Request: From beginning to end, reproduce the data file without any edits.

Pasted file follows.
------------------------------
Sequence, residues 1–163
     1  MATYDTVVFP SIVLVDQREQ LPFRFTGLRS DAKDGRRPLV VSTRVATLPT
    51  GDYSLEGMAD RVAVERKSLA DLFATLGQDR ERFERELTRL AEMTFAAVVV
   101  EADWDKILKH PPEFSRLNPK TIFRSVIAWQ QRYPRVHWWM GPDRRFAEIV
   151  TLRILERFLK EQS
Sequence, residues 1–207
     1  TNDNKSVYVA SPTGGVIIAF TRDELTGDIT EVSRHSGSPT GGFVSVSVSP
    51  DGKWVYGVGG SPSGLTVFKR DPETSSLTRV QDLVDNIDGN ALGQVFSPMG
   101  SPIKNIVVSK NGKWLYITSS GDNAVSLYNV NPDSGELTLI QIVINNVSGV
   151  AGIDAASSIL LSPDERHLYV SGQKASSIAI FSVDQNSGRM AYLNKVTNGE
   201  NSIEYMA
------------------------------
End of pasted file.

Sequence, residues 1–163
     1  MATYDTVVFP SIVLVDQREQ LPFRFTGLRS DAKDGRRPLV VSTRVATLPT
    51  GDYSLEGMAD RVAVERKSLA DLFATLGQDR ERFERELTRL AEMTFAAVVV
   101  EADWDKILKH PPEFSRLNPK TIFRSVIAWQ QRYPRVHWWM GPDRRFAEIV
   151  TLRILERFLK EQS
Sequence, residues 1–207
     1  TNDNKSVYVA SPTGGVIIAF TRDELTGDIT EVSRHSGSPT GGFVSVSVSP
    51  DGKWVYGVGG SPSGLTVFKR DPETSSLTRV QDLVDNIDGN ALGQVFSPMG
   101  SPIKNIVVSK NGKWLYITSS GDNAVSLYNV NPDSGELTLI QIVINNVSGV
   151  AGIDAASSIL LSPDERHLYV SGQKASSIAI FSVDQNSGRM AYLNKVTNGE
   201  NSIEYMA